“Blue Planet II has made a concrete difference in the action of plastics going into the ocean, on a global scale.”

 

You mentioned there that people may feel sad watching the animals in recent wildlife documentaries suffer. Wildlife documentaries often focus on charismatic species to engage viewers in the importance of conservation. Do you think people’s perception of the natural world has change with the influence of documentaries such as Planet Earth, Blue Planet, Dynasties etc?

It’s difficult to say because the documentaries have been around far longer than a lot of people on the earth today have. David (Attenborough) is 92 and he has been making natural history films, and he wasn’t the first, for 70 years. Few people could therefore remember a time when they weren’t being shown. Therefore it has become part of our, at least in Britain, part of the culture of what we now about. Television is so pervasive and wildlife is on television quite a bit. Does it affect how we see the world and what we do? Yes, of course it changes how we see the world, but changing what we do? That is more difficult. I think in a general osmotic way it has done, but in terms of actual concrete action changing how we behave, there are some examples, but at best I think it will have slowed down the loss of nature. In a specific way,

 

Has your own perception of the natural world changed during your career as a wildlife filmmaker?

Yes, The general pattern you build up as you see more places is that our best examples of all habitats, of all rich bio diverse places, which use to be everywhere are now in pockets surrounded by places that we have modified a lot. You can appreciate that as an abstract idea, but if you go to those places, say a tiger reserve in India, when you are there it is wonderful and you can step into the past and imagine how things were. Then you leave and travel for days across a landscape that is utterly unlike that and has nothing in it other than people, domesticated animals and crops. That is the reality and so when you realise and feel that they you do change your view of the world. No one knows what the amount of food 7.5 billion people needs like in terms of land use but you start to feel the edges of it and see that it is a colossal change to the functioning of the planet. Without understanding where the threshold of where we can no longer feed 7.5 billion people, we are likely heading towards that cliff edge unknowingly. There is not a simple way to solve it but there are a lot of people on the planet and we are using resources at a rate three times faster than the planet can support. We know there is a problem but we aren’t really doing that much about it at the moment.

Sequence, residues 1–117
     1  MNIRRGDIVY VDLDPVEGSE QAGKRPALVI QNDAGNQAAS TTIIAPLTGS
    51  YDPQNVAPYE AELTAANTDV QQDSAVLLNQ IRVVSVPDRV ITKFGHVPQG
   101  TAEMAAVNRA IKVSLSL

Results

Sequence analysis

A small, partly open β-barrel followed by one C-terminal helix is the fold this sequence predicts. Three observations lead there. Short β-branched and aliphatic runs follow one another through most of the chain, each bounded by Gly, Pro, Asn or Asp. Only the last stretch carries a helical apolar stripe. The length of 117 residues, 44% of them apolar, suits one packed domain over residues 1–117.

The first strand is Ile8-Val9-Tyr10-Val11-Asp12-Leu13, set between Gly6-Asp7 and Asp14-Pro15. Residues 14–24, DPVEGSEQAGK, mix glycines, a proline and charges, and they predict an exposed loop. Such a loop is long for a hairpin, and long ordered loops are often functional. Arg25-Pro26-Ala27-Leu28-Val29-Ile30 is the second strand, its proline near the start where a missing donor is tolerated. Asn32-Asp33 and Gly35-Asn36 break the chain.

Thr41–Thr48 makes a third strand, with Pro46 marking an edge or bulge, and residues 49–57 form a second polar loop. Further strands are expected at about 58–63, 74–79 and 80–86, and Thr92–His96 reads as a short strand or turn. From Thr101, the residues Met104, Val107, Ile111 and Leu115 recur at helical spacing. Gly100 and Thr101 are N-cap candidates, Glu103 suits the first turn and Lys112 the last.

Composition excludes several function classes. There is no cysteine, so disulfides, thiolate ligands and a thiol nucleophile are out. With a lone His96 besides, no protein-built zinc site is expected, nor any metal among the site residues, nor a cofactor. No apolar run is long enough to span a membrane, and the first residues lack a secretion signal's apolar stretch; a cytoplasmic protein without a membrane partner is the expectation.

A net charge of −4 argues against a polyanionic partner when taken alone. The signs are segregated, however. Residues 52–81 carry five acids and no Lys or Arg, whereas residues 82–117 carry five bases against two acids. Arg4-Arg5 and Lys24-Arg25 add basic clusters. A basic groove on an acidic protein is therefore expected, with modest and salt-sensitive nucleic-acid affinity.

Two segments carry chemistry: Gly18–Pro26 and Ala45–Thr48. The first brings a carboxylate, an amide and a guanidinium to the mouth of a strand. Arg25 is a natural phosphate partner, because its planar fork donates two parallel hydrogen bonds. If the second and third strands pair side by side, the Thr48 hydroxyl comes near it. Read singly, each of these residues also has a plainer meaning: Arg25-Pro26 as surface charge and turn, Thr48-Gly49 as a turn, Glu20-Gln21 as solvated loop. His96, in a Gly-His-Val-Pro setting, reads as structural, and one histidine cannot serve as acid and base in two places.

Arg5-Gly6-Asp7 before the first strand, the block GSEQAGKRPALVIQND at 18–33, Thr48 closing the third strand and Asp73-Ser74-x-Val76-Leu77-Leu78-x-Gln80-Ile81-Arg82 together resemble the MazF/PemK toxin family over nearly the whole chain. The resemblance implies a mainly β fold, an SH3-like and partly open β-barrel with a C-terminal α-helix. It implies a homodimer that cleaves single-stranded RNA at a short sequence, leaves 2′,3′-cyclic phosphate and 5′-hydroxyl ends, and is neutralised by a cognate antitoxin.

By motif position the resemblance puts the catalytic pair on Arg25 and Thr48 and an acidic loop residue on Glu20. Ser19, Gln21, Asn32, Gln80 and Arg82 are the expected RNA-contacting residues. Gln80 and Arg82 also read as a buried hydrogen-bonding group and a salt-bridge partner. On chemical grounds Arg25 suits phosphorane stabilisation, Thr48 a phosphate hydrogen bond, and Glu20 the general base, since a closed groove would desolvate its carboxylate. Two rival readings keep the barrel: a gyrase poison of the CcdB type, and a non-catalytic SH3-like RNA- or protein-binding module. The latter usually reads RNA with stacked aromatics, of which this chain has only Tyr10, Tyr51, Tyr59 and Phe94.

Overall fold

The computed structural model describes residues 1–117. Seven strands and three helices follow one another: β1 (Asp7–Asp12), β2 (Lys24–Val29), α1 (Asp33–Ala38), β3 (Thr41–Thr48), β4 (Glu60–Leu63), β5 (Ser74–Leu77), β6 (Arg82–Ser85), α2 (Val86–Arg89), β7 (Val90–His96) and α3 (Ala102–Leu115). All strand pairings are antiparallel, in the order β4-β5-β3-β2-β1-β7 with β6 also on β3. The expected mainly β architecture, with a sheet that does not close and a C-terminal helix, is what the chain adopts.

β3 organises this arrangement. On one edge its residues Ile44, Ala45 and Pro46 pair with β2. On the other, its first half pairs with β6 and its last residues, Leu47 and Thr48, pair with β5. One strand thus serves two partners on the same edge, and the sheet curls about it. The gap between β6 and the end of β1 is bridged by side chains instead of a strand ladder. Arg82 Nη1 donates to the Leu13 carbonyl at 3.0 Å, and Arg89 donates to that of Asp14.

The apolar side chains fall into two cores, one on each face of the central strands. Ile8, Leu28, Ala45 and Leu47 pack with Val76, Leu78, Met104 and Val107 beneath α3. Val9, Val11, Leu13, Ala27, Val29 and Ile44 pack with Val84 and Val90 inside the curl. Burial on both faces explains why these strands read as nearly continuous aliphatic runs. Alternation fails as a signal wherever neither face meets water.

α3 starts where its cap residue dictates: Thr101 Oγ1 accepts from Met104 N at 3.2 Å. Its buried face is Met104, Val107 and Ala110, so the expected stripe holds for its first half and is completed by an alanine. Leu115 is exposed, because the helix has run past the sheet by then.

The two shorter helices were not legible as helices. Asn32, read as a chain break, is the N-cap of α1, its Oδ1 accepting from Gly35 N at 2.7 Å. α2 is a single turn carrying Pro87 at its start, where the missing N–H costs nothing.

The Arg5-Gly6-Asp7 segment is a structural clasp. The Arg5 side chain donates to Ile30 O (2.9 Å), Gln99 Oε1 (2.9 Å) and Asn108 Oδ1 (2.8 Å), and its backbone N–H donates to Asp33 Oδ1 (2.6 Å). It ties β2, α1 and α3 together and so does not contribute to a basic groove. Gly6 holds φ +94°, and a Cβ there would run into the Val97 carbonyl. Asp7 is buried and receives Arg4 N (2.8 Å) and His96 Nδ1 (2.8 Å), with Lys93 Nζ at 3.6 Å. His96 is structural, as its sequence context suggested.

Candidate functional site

Finally, what advice would you give to someone interested in following a similar career path to your own?

I have been lucky with my career. There was a timing aspect to it, the time I came into doing this was a time of equipment transition and in a way it coincided with the end of the golden age of wildlife. IT seems to me that the great East African animal diversity is still there, just, and there are some natural spectacles that remind us how the world used to be, but they may not be around much longer. What is clear is that there is a need to communicate the problem of biological extinctions and of change and that people are causing it but there are solutions we can adopt if we all get together and act as communities. That is the cutting edge now. The means to say these things have changed radically. Young people in touch with the new means to do this, social media and networking virtual communities are the solution to this. That is where I would say there is a desperate need and it’s not necessarily television and film, it could be all sort of different things. But the creative minds, the keenest and most motivated, have a very open field and a lot to play for. So go, do it, please!

Rachel Louise Gunn